Macaulay Library Unveils New Look for Spectrograms

By Macaulay Library 30 May 2024
A Black-throated Blue Warbler Singing Image

Image: Black-Throated Blue Warbler © Ryan Justice, Macaulay Library / Recording: Black-Throated Blue Warbler © Bob McGuire, Macaulay Library

The Macaulay Library hosts the world’s largest archive of digital audio of birds with nearly 2.4 million sound recordings. To easily identify and navigate the multitude of recordings in the archive, we use spectrograms, visual representations of the intensity of sound frequencies across time. Spectrograms allow us to compare recordings by sight, which can be more efficient and precise than by sound alone. Spectrograms are used by bioacoustics scientists who want to analyze sounds, by Merlin Sound ID to offer identification suggestions, and by anyone wanting to learn more about sounds. After more than a decade of using the same spectrograms, the Macaulay Library team is excited to share an update to our spectrograms designed to enhance both their visual appeal and functionality!

Media Search and individual media pages are now using the new spectrograms, and other views, such as checklists and trip reports, will start using them in the coming weeks. We improved our spectrograms in the following ways:

Longer recording support. Macaulay Library spectrograms no longer have a length cutoff, allowing us to display very long recordings. As passive acoustic monitoring becomes more and more common, these long recordings are important for our research and conservation goals and improving sound ID.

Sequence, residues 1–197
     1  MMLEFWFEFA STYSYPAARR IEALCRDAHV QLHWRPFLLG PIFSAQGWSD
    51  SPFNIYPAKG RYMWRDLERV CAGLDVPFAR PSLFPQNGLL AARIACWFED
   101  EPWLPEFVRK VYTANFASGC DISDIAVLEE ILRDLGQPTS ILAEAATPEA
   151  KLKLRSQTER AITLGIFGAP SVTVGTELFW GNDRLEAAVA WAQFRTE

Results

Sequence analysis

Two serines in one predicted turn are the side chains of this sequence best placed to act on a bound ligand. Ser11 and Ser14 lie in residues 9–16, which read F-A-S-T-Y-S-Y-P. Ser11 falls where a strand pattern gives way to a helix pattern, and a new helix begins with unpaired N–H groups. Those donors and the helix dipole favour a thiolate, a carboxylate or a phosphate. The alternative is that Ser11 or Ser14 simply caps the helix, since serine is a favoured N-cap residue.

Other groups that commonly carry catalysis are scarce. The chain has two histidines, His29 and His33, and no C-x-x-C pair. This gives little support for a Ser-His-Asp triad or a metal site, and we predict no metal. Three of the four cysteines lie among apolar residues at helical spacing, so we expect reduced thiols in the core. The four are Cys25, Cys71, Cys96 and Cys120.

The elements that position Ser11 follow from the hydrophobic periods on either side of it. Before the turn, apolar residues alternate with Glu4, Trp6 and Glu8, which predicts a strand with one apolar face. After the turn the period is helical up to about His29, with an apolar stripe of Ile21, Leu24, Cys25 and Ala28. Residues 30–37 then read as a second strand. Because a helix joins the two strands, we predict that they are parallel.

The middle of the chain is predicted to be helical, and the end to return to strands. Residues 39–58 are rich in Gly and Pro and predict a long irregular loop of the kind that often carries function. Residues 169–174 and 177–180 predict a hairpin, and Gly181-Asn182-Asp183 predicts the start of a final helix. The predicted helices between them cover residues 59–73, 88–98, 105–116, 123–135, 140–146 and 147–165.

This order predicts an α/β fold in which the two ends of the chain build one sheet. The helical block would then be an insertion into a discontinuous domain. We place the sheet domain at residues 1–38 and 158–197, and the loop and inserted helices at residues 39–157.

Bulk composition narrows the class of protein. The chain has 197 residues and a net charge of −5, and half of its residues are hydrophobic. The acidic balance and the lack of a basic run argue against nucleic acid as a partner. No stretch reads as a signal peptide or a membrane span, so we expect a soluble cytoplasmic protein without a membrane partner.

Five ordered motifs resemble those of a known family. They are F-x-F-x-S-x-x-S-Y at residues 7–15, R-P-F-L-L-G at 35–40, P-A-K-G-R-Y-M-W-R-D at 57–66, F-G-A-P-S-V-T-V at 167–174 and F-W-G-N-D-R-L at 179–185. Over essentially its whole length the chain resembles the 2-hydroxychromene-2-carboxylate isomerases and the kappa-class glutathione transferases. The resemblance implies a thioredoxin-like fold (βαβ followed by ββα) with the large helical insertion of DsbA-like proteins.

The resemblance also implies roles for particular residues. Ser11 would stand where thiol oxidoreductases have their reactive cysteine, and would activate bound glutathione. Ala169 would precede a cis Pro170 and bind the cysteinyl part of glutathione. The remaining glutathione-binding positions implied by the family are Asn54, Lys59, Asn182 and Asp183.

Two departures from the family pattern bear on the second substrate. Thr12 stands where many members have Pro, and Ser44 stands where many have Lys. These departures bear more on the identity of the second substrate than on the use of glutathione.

Long recordings like this 13 minute Carolina Wren song sequence are now easier to explore.

Better resolution. We’ve adjusted the spectrogram settings to allow better visualization of quieter background sounds, as well as sharper-looking focal sounds and a much more detailed “timeline” preview below the main spectrogram.

Better visibility. Changes have been made to the default zoom on the spectrograms. Previews in Media Search now show 10 seconds so you can get a better idea of what’s in a recording at a glance, and once you play the audio, more of the recording is visible at once. But now that the spectrograms are higher resolution, you can also zoom in to see more detail—or zoom out to get a birds-eye view.

Higher frequencies. We’re now showing frequencies up to 12kHz. While most bird sounds occur below the previous limit of 10kHz, many sounds go above that point and are useful to see. Expanding up to 12kHz will allow more of the bird’s sound to be visible.

The high-pitched song of a Costa’s Hummingbird looks much more complete with the new settings.

Data efficiency. Spectrograms are now composed of multiple smaller images, so loading the recording to listen to it should be more efficient than before.

Accessibility. Lots of behind-the-scenes settings have been adjusted to make sure the maximum number of users are able to see and listen to the amazing sounds of birds and other animals.

Spectrograms are a vital tool for anyone interested in the study of bird vocalizations. We invite you to explore the updated spectrograms in the Macaulay Library. Whether you’re a seasoned ornithologist or a curious birder, these new features are designed to make your exploration of bird sounds more informative and enjoyable.